By Glen Hellman, Dingman Center board member and angel investor from his blog Forward Thinking
Creating a startup is often compared to building an airplane in real-time while in flight. It isn’t easy. There are so many things that can go wrong; so many different ways to make it work or sink that ship.
In my experience, there are 3 critical attributes common in great companies that will not only improve the odds of making a safe landing, but make it more enjoyable and profitable. The first two involve developing a strong foundation and the third involves setting a destination.
1. Value Axis
Pick your value axis. According to Michael Treacy and Fred Wiesema in their book The Discipline of Market Leaders, companies compete on 3 axes. Think about the following three companies that basically sell the same product yet they all compete and deliver that product on a different axis. The axes are:
- Operational Excellence – You can buy sneakers at Wal-Mart, and they compete for your business based on a well-oiled logistical system that insures they have the right product at the right price in the right place at the right time. Customers know they will find the products they want at a good price and expect few surprises during the shopping experience.
- Product Leadership – Hanging your hat on innovation. You can buy those same sneakers at Amazon.com, not leave your home, and have them delivered. Amazon, started as a book seller, branched out to virtually competing against almost all brick-and-mortar operations and has evolved into a premiere technology innovator where retail is only a small part of their overall product offering.
- Customer Intimacy – Knowing and taking care of your customer like no one else. When you buy your sneakers at Nordstrom, you know that the sales person will take good care of you and even if you bring the product back a year later without a receipt they will accept the return.
Companies need to compete adequately in all three axes yet you can’t be best in all three. You’ve got to pick the axis in which you will hang your hat.
2. Core Values
What are the 3 or 5? Hire people who personify them. Review and reward people who adhere to them. It’s easier to create a culture from the start so think about those core values and be intentional about creating a culture around them (See: 5 Signs Your Core Values Are Rotten to the Core).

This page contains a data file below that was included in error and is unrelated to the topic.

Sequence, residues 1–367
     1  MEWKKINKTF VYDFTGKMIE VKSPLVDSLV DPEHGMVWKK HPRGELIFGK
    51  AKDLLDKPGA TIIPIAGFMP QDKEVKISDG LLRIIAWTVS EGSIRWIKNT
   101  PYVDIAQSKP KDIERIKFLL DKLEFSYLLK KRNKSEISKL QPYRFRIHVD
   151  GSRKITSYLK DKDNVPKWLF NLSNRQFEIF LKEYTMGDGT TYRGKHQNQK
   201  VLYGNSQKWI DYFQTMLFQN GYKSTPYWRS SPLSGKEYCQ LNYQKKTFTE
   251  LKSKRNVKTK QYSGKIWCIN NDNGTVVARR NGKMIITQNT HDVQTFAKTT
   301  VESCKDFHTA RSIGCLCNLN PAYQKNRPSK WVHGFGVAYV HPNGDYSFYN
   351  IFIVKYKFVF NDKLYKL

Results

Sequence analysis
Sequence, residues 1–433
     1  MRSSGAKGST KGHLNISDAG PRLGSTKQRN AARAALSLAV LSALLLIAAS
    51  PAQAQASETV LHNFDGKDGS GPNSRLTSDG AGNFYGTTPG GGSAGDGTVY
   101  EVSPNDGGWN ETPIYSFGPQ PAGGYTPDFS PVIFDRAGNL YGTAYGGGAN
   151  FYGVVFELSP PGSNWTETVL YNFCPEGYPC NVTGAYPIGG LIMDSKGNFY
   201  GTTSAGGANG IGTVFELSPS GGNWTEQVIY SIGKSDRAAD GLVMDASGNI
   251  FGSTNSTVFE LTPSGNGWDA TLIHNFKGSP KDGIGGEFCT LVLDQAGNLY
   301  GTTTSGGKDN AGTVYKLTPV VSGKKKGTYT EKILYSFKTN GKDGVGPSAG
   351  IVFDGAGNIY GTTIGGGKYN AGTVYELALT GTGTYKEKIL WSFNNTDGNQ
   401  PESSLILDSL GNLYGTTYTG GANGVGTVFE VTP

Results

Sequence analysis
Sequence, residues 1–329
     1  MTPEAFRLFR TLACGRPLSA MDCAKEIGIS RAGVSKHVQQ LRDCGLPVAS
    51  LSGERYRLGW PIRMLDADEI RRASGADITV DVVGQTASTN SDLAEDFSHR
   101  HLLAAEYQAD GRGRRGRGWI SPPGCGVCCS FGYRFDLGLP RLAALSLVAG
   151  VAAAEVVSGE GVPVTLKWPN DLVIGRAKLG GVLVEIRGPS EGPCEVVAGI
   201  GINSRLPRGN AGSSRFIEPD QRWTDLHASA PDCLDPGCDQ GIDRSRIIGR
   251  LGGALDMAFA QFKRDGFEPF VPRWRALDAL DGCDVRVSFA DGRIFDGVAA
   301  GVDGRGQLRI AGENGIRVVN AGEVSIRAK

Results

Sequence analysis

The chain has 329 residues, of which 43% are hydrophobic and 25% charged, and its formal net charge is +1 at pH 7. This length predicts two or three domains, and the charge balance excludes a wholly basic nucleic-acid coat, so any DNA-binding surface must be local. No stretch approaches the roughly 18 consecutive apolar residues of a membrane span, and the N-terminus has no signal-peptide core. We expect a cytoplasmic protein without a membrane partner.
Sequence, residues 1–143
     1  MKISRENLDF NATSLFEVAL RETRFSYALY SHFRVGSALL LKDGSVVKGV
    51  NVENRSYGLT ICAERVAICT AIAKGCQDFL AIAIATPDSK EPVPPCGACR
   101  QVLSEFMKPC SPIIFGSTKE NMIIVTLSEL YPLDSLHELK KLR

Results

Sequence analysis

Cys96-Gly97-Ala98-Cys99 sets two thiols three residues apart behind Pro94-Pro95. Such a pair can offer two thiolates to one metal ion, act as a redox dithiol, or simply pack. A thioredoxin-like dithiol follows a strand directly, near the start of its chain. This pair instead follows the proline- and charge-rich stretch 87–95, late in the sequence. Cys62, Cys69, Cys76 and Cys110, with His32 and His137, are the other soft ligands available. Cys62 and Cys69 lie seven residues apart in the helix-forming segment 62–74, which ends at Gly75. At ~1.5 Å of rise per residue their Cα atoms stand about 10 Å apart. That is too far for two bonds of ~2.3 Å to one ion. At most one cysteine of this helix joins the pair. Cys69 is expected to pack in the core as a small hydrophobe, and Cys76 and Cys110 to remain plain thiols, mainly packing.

Some Core Values to Think About:
- Customer Centric
- Work Hard/Play Hard
- What Ever It Takes
3. Pick a Destination
Now that you know who you are and what you stand for, it’s time to pick what you want to be when you grow up? Are you building for a quick flip? Do you want to sell, go IPO, create something that is disruptive, change the world, have an impact? What’s your time frame? What’s your number? What’s your target?
It’s important to have a target to judge your progress, create goals, and drive the organization (more on this in Three If’s From a Maybe: Just-In-Time Strategic Planning).
Your destination, the understanding of the target combined with your value axis and core values creates an environment for your team to work independently, be creative, for your company to be nimble and excel.
Spending more time on foundation and target will free up your time from developing rules, procedures, and micro management.
Do you have a clear vision of these 3 operating imperatives? What are you waiting for? Go do it. Get them done.
Glen Hellman helps exceptional entrepreneurs figure out what to do and gets them to do it. He’s an angel investor, serial entrepreneur, and has worked for venture capitalists as a turn-around specialist. He’s a principal at Driven Forward, board member at The University of Maryland’s Dingman Center for Entrepreneurship, a Vistage coach and a mentor at the Founder Institute which is a good excuse but not the reason he is such a horrible hockey player.